BE thesis title: Studies in neuroengineering: Decoupled, noninteractive control of the neuromusculoskeletal system.

Author: Robin T. Bye.

Supervisor: Dr. Peter D. Neilson.

Assessor: Dr. Branko Celler

Institution: School of Electrical Engineering and Telecommunications, The University of New South Wales, Australia.

Degree awarded: Bachelor of Engineering in Electrical Engineering (Honours Class 1)

Completion date: 18 December 2003.

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Abstract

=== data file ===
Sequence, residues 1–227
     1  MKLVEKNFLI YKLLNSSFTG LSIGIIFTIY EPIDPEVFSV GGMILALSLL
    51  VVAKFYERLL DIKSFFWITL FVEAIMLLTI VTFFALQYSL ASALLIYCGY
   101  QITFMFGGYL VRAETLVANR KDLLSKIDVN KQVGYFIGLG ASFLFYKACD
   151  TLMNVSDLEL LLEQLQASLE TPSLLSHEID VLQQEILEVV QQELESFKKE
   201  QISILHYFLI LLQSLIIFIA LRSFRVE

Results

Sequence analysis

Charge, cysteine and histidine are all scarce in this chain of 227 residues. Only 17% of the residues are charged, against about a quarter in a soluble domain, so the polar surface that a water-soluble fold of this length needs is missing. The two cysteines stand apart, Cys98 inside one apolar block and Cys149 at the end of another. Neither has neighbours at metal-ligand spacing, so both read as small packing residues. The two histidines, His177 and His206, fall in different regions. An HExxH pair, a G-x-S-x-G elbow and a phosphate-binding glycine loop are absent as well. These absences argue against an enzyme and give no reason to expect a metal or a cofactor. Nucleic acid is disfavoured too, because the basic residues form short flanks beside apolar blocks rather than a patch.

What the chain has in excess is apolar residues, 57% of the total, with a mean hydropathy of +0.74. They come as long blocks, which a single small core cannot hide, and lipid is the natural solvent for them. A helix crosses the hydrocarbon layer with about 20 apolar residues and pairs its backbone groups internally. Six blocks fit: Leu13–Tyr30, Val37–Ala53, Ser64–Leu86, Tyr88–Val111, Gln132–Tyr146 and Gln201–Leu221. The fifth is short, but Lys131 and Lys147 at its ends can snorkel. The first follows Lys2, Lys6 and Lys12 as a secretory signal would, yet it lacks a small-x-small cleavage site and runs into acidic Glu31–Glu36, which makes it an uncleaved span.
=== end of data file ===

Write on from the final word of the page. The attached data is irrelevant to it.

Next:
24 subjects performed a visual pursuit tracking experiment involving both a minimum phase and a non-minimum phase system. The aim was to test the hypothesis that the central nervous system is capable of acting as an adaptive neural controller that decouples the nonlinear, highly cross-coupled dynamics of the neuromusculoskeletal system, thus forming independent visuomotor channels of control, while at the same time rendering most of the input-output dynamics unobservable. A novel statistical analysis of measures such as coherence, gain, and phase extractedfrom data collected in the experiment indicated that decoupled, noninteractive control had indeed been employed, most notably in the minimum phase system. This result contradicts existing views on independent visuomotor channels, where these channels are thought to correspond to independent neuroanatomical pathways. The result is a valuable one in the pursuit of complete understanding of motor behaviour and demands further experiments and investigations as well as a more thorough analysis of the existing data collected in this experiment.

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